Jon Hagar is a systems software engineer with over thirty years of experience. In this interview, Hagar discusses how reviews impact mobile app development and testing, security issues in the mobile and embedded world, and why you need to do more than just test the requirements.
With more than thirty years of experience in software, Jon Hagar brings a wealth of knowledge to our community, and he shares a great amount of it in his new book, Software Test Attacks to Break Mobile and Embedded Devices. Jon sat down with us to discuss the true future of testing.
The phenomenal growth of mobile devices has opened avenues for organizations to integrate them into their mainstream computing environment. Today's mobile applications deliver complex functionality on platforms that have limited resources for processing and testing. Unlike the PC-based environment, the mobile world is comprised of a wide range of devices with diverse hardware and software configurations and communication intricacies. This diversity presents unique challenges and requires unique testing strategies. Rumesh Palaniswamy shares his experiences with testing mobile applications. The smaller screens, unique input methods, and minimal processing power in these devices often lead to unexpected outputs and other faults.
Many testers believe that it is prohibitively costly and time-consuming to automate embedded and mobile phone application testing. By approaching the problem from a test design perspective and using that design to drive the automation initiative, Hans Buwalda demystifies automated testing of embedded systems. He draws on experiences gained on a large-scale testing project for a leading smart-phone platform and a Window CE embedded automotive testing platform. Hans describes the technical side of the solution-how to setup a tethered automation agent to expose the GUI and drive tests at the device layer. Learn how to couple this technology solution with a test design methodology that helps even non-technical testers participate in the automation development and execution. Take back a new approach to achieve large-scale automation coverage that is easily maintainable over the long term.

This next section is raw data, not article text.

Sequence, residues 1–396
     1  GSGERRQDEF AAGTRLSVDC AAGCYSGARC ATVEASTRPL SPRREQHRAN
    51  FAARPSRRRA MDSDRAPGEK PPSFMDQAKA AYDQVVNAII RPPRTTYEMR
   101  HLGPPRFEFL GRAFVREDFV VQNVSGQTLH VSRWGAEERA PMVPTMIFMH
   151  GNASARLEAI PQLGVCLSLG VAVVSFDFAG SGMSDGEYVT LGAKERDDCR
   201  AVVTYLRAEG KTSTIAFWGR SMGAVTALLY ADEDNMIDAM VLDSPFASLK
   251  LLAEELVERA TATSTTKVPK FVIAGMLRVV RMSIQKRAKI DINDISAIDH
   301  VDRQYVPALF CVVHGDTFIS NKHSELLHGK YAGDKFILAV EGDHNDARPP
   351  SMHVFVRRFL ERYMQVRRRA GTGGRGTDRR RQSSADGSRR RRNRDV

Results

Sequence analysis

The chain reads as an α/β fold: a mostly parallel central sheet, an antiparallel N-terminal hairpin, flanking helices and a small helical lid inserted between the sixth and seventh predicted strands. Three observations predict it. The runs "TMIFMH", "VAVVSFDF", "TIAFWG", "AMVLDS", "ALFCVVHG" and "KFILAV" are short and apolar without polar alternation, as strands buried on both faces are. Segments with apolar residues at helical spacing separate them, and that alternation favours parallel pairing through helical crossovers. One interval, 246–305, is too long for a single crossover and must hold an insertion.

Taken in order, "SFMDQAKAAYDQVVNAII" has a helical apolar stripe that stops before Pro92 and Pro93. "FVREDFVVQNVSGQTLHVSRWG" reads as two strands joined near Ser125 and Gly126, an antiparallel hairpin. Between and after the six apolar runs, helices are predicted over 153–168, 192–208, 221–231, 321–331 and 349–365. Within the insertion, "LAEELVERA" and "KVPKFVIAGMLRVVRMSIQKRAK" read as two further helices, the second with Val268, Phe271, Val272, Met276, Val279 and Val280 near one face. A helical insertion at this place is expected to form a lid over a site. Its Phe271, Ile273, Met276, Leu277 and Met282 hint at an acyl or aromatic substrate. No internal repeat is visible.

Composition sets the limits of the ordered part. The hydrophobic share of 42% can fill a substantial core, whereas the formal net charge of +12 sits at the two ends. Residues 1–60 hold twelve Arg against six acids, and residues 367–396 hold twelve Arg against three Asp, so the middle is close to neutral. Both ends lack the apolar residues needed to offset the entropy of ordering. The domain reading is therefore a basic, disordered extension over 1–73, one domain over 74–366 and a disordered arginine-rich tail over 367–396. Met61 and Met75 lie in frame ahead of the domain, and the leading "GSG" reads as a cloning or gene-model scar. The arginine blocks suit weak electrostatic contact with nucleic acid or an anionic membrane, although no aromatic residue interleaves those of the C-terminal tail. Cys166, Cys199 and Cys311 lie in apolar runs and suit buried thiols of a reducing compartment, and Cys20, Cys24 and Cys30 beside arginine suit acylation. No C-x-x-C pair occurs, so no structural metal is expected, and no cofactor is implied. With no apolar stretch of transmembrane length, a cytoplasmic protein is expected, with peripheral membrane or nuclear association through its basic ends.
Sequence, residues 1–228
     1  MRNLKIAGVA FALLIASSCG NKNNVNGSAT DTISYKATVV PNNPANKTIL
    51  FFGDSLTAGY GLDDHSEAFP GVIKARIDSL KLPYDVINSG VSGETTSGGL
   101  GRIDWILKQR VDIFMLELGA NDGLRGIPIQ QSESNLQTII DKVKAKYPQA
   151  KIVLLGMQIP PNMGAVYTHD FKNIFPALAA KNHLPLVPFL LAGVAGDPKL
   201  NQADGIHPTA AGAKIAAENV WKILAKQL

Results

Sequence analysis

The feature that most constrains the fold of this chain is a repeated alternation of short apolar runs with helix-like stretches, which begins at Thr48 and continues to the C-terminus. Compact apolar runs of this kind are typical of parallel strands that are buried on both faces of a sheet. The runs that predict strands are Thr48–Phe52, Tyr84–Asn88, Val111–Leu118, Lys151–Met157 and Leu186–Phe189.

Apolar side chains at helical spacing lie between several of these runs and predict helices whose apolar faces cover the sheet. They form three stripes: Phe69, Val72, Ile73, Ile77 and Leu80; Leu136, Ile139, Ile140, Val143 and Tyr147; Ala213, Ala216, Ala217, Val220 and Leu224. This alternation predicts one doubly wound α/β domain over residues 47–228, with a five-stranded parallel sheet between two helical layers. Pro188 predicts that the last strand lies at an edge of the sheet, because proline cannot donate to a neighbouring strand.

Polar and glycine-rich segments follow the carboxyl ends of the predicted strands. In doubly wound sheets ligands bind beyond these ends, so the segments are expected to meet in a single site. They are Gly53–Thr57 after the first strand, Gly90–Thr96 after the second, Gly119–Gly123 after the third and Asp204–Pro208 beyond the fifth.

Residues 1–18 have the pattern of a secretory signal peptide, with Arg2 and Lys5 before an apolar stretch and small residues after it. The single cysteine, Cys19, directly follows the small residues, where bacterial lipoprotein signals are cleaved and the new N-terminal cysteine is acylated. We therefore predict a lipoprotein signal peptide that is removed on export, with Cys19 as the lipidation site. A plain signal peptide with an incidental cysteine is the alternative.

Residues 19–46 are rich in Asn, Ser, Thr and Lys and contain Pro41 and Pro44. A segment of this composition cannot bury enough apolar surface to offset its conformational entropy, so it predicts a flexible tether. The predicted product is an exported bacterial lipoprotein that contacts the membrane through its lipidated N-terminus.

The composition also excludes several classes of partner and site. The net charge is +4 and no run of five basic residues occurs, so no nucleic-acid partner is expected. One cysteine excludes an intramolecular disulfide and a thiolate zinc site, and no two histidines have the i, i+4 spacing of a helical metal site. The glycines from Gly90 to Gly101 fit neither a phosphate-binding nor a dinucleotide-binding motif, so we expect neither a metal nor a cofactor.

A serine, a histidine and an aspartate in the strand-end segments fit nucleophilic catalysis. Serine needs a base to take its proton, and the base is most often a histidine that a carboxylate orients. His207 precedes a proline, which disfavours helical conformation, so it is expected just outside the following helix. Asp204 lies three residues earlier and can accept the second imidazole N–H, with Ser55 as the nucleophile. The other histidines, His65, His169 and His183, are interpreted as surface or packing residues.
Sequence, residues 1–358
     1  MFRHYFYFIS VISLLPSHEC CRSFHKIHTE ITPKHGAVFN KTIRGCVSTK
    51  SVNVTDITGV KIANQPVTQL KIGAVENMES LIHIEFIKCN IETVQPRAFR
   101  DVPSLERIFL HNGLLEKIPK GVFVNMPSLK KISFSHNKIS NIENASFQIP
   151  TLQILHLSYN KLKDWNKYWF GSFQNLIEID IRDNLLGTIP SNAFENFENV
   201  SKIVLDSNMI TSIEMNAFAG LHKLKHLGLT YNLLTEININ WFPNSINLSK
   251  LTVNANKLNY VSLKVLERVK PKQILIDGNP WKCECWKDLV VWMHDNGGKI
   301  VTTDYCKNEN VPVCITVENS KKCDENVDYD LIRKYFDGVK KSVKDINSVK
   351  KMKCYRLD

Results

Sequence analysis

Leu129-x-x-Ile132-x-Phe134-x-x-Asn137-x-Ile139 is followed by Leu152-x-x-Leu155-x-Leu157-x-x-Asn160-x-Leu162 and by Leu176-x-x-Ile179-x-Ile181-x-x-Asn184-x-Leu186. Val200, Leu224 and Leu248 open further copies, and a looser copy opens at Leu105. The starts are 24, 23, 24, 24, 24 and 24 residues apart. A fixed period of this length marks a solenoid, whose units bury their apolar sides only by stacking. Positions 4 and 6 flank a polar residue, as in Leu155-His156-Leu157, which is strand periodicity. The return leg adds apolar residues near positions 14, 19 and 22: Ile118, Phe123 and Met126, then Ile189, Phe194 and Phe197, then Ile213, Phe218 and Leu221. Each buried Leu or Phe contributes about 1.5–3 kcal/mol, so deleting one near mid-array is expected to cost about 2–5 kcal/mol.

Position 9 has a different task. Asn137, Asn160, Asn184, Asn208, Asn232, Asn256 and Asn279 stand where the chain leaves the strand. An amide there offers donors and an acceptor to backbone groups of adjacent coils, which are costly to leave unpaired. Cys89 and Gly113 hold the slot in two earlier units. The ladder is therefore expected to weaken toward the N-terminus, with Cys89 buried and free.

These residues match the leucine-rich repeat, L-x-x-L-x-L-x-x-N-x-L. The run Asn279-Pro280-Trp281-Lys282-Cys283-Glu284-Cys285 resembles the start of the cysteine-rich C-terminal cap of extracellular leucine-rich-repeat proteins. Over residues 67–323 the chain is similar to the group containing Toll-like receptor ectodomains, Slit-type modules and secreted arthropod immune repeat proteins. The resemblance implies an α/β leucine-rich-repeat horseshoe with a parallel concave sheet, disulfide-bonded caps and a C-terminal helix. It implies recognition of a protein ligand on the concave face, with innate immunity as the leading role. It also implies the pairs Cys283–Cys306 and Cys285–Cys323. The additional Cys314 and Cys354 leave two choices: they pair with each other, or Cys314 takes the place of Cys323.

Just like the rest of the software world, embedded software has defects. Today, embedded software is pervasive-built into automobiles, medical diagnostic devices, telephones, airplanes, spacecraft, and really almost everything. Because defects in embedded software can cause constant customer frustration, complete product failure, and even death, it would seem critical to collect and categorize the types of errors that are typically found in embedded software. Jon Hagar describes the few error studies that have been done in the embedded domain and the work he has done to turn that data into a valuable error taxonomy. After explaining the concept of a taxonomy and how you can use it to guide test planning for embedded software, he discusses ways to design tests to exploit the taxonomy and find important defects in your embedded system.
Crowdsourced testing of mobile applications, a middle ground between in-house and outsourced testing, has many advantages: scale, speed, coverage, lower capital costs, reduced staffing costs, and no long-term commitments. However, crowdsourced testing of any application-mobile or not-should augment your professional testing resources, not replace them. Most importantly, crowdsourced testing has to be done well or it’s a waste of time and money. John Carpenter reviews the applications and ways he’s outsourced testing to the crowd. Focusing on adopting crowdsourcing for both functional and usability testing in mobile applications, John describes scenarios in which you can leverage the crowd to lower costs and increase product quality, including scaling the application to large populations of global users.